Setting sail, again: Navy vet returns to volunteer on retired submarine

Ron Bell is one of 10 U.S. Navy submarine veterans who volunteer to lead weekly visitor tours on the USS Blueback, a sub docked outside the Oregon Museum of Science and Industry in Portland, Oregon. Retired from a career in scrap metal construction, Bell spoke with me about why he loves volunteering.

This post originally appeared on Next Avenue, a PBS website that informs and inspires the 50 + crowd. 

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Ron Bell below deck in the USS Blueback

I had been following the USS Blueback submarine since it was retired in 1990, because that’s what we submarine vets do. I was in the Navy for four years during two wars, and worked on a few submarines similar to this one, doing everything from maintenance to communications. When I heard the Blueback was coming to Portland, I had to see it and I had to be a part of it.

So in 1995, soon after it docked, I got involved in volunteering there. From giving tours of the sub to performing maintenance — whatever needs to be done, I do it.

I’m also here because submarines are the most beautiful pieces of machinery. Once you get bit by these things, you want to know all there is about them. You can’t quit.

Checking up on the sub

The Navy still owns the Blueback, but they’ve made it non-operational. For good reason, maybe. To be honest, I don’t think they trust us old sub vets not to take it for a spin. Every year or so, they visit to make sure it’s still up to par. Which, of course, it always is, since they’ve got us on deck.

I enjoy everything about what I do down here. I love telling our tours how we lived on a sub back then and sharing old stories. People like hearing them and I like telling ‘em, so it works out nicely.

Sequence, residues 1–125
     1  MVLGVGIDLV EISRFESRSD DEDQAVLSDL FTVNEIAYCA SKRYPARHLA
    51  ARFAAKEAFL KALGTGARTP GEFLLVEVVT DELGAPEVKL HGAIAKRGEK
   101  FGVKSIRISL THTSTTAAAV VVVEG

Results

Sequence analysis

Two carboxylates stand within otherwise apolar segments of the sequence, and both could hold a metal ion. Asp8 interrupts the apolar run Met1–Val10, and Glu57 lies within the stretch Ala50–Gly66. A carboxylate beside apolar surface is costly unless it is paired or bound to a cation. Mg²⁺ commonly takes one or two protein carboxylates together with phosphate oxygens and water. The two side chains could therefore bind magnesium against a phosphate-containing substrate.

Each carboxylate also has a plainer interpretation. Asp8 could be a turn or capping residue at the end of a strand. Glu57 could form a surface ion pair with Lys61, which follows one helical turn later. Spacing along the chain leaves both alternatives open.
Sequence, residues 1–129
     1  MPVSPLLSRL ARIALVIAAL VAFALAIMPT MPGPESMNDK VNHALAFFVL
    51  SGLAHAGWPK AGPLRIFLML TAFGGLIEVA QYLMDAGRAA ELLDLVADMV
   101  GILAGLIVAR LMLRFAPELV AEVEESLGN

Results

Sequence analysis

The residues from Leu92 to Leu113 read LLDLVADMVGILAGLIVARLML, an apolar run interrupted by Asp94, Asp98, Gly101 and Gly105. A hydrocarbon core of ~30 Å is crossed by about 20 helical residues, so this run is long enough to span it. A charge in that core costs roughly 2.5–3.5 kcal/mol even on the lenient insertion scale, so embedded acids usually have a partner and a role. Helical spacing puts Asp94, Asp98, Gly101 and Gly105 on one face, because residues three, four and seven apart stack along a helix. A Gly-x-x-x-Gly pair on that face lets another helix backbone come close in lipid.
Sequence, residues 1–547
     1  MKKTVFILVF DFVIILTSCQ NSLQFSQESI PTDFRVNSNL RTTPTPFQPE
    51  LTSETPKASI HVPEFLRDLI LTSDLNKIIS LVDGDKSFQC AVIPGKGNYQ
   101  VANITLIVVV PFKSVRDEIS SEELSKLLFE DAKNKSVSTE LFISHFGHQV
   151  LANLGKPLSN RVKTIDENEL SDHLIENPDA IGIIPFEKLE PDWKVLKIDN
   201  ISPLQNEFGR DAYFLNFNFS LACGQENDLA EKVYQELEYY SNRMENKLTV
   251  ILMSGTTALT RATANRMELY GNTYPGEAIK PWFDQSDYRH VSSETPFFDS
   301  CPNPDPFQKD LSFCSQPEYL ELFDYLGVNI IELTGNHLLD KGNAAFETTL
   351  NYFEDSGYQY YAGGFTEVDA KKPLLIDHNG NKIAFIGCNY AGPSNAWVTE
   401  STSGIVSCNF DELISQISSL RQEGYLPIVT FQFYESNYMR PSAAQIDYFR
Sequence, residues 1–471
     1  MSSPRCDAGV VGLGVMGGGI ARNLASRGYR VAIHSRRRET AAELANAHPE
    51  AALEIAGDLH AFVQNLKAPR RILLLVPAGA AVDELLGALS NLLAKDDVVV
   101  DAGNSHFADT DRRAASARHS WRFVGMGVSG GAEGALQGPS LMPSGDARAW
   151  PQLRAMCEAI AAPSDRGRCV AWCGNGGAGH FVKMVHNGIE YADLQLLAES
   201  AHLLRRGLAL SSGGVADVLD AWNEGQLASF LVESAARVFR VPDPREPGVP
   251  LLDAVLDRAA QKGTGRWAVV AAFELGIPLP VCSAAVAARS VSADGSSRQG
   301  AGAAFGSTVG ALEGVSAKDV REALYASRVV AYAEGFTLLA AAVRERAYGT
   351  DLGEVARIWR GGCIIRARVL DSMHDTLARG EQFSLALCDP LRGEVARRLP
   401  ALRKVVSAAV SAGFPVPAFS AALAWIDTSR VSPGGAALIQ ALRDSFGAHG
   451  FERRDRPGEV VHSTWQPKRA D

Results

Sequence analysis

In the Navy, I was in Hawaii, Australia, the Philippines — during the Vietnam War — and then the coast of Europe, especially Russia, during the Cold War when I was in a nuclear sub. We got hit by Communist missiles a couple times.

You have to go through sub school, which is a rigorous, intensive type of training. Everyone on deck needs to know how to do everything, in case something goes wrong.

The USS Blueback docked outside of the Oregon Museum of Science and Industry (Photo credit: Meltedplastic on Flickr http://www.flickr.com/photos/meltedplastic/8415091795)

The USS Blueback docked outside of the Oregon Museum of Science and Industry (Photo credit: Meltedplastic on Flickr)

The joy of volunteering with fellow vets

The point is, sub vets worked hard to get to where they are. We are all very proud of what we’ve done and deeply respect each other. That’s what makes it so rewarding to work together here. Being on a sub in the Navy is something that connects us all at a very deep level.

I’ll tell ya, if you get a bunch of sub vets together for a cup of coffee after our shift, you end up sharing a lot of laughs and old sea stories, which is just the Navy term for lies.

I’ve visited amazing places around the world while on patrol, but now all I want to do is stay in the states and see this beautiful country where my wife and I live. We make time for RV trips every year to do just that.

An opportunity for time traveling

And of course, I travel back in time when I’m on the sub. As soon as I first walked on board the USS Blueback, it was just like “Boom!” I was back. And I loved it.

And I think the rest of the vets here feel the same. Being here brings back so many fond memories; it’s good for the heart.

I have to say my favorite part of volunteering is when young sub sailors come down to look at the old machinery — it’s a piece of history. They respect us more than anyone, since they know they wouldn’t be where they are if it wasn’t for us guys. That’s why doing this matters.

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